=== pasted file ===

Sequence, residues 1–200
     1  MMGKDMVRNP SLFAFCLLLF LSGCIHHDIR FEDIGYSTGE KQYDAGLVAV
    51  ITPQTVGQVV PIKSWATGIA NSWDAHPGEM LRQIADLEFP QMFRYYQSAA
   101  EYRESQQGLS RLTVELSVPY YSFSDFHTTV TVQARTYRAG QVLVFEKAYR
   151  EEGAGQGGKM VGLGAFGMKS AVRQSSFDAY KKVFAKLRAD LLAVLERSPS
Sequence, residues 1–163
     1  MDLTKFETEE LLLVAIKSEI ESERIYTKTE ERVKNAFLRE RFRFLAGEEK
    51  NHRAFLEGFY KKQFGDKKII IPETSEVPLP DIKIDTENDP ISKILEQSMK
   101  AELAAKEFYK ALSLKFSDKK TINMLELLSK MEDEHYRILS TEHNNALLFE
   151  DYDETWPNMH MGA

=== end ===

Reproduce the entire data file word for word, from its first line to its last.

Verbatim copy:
Sequence, residues 1–200
     1  MMGKDMVRNP SLFAFCLLLF LSGCIHHDIR FEDIGYSTGE KQYDAGLVAV
    51  ITPQTVGQVV PIKSWATGIA NSWDAHPGEM LRQIADLEFP QMFRYYQSAA
   101  EYRESQQGLS RLTVELSVPY YSFSDFHTTV TVQARTYRAG QVLVFEKAYR
   151  EEGAGQGGKM VGLGAFGMKS AVRQSSFDAY KKVFAKLRAD LLAVLERSPS
Sequence, residues 1–163
     1  MDLTKFETEE LLLVAIKSEI ESERIYTKTE ERVKNAFLRE RFRFLAGEEK
    51  NHRAFLEGFY KKQFGDKKII IPETSEVPLP DIKIDTENDP ISKILEQSMK
   101  AELAAKEFYK ALSLKFSDKK TINMLELLSK MEDEHYRILS TEHNNALLFE
   151  DYDETWPNMH MGA